Hello and thank you for the support! It means a ton to me and the team.
I spent the past weekend in South Carolina and had the opportunity to meet with hundreds of amazing, hard-working Americans. And, like all Americans, they are worried about the future for their families.
If you’re like me, you associate drinking water issues in America with Flint, Michigan. But that’s just the most visible of dozens of communities around the country that are struggling with their water supply. In Denmark, South Carolina, a chemical not approved by the EPA was used for a decade to decontaminate the water, leading to health issues for residents there.
Imagine having kids who have been drinking water for years and now knowing that their health might be damaged as a result.
As our infrastructure falls into disrepair and there is less and less money to fix it, these problems will only get worse. The EPA has estimated that it would cost $384 billion over a ten-year period to properly fix and maintain our water systems. We live in the wealthiest nation in the world, and we must be able to guarantee clean drinking water for each of our citizens. When I’m President, we will invest the resources needed to guarantee clean drinking water to all Americans as a basic right.
South Carolina recently made national news because the schoolteachers there went on strike for better pay and benefits. They rank 38th nationwide on teacher pay. Teachers are vital to our future, and when teachers aren’t able to make a decent living, we lose the best of them to other opportunities. When I’m President, I plan to make sure teachers get paid more—the data shows that a good teacher is worth their weight in gold in terms of driving better educational outcomes for dozens of students each year. Instead of nickel-and-diming teachers, we should be treating them like professionals and giving them the flexibility to do their jobs.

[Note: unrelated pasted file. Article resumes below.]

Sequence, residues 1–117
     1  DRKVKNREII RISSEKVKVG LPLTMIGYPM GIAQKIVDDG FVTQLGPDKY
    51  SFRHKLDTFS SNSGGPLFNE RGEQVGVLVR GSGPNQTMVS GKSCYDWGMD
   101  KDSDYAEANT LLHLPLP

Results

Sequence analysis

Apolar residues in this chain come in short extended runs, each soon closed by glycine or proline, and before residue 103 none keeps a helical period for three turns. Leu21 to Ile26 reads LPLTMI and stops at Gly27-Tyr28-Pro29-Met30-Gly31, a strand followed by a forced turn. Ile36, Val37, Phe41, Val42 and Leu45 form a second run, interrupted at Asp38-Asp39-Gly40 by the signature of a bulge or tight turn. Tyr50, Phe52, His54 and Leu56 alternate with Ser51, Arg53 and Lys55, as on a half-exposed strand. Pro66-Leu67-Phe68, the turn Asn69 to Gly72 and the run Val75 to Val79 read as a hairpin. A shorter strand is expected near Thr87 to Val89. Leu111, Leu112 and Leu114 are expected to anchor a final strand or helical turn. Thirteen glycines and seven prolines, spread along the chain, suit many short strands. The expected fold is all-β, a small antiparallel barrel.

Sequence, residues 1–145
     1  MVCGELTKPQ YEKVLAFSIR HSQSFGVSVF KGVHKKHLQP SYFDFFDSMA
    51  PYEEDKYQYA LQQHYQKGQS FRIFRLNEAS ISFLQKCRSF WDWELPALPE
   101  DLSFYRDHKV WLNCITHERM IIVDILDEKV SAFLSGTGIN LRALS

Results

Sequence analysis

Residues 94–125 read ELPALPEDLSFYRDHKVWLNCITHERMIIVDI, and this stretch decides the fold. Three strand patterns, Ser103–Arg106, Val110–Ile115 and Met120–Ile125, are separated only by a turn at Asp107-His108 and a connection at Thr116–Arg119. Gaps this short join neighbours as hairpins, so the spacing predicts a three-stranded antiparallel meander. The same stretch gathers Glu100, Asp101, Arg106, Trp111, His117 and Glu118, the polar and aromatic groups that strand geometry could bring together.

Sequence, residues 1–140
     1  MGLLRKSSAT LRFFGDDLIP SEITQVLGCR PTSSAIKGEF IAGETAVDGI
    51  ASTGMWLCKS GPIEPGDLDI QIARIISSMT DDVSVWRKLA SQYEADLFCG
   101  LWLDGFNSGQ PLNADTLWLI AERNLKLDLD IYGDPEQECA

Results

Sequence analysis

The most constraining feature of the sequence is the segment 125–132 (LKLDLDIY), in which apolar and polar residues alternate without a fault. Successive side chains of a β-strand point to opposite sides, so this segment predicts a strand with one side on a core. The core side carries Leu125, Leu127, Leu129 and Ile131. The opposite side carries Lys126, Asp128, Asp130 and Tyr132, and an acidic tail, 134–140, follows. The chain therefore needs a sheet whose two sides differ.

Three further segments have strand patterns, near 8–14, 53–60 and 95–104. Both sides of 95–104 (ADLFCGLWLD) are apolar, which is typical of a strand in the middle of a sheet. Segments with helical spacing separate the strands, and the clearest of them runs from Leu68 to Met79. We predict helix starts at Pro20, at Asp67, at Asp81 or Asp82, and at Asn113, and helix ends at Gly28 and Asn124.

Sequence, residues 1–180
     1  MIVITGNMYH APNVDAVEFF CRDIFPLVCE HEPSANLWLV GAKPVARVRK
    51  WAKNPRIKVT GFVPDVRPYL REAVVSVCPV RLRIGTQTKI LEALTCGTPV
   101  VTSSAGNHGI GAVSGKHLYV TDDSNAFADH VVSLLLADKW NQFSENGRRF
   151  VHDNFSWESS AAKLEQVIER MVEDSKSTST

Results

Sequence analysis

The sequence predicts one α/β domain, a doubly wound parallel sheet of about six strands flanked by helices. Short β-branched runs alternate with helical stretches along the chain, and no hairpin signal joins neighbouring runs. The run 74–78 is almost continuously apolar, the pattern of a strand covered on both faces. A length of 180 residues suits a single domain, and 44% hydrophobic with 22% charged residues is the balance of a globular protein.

While increasing teacher pay is important, making things better in the classroom is just part of the fight.
Only 25-30% of our kids’ performance in schools is attributable to what happens in school. The rest of it is due to factors outside of school—parental time and income, number of words read to a child, stress levels, type of neighborhood, etc. Educators know this. We are putting them in an impossible situation where we expect them to educate our children, who are distracted by issues at home.
The biggest thing we can do to set teachers up for success is to get the Freedom Dividend into the hands of all Americans so that our families are stronger.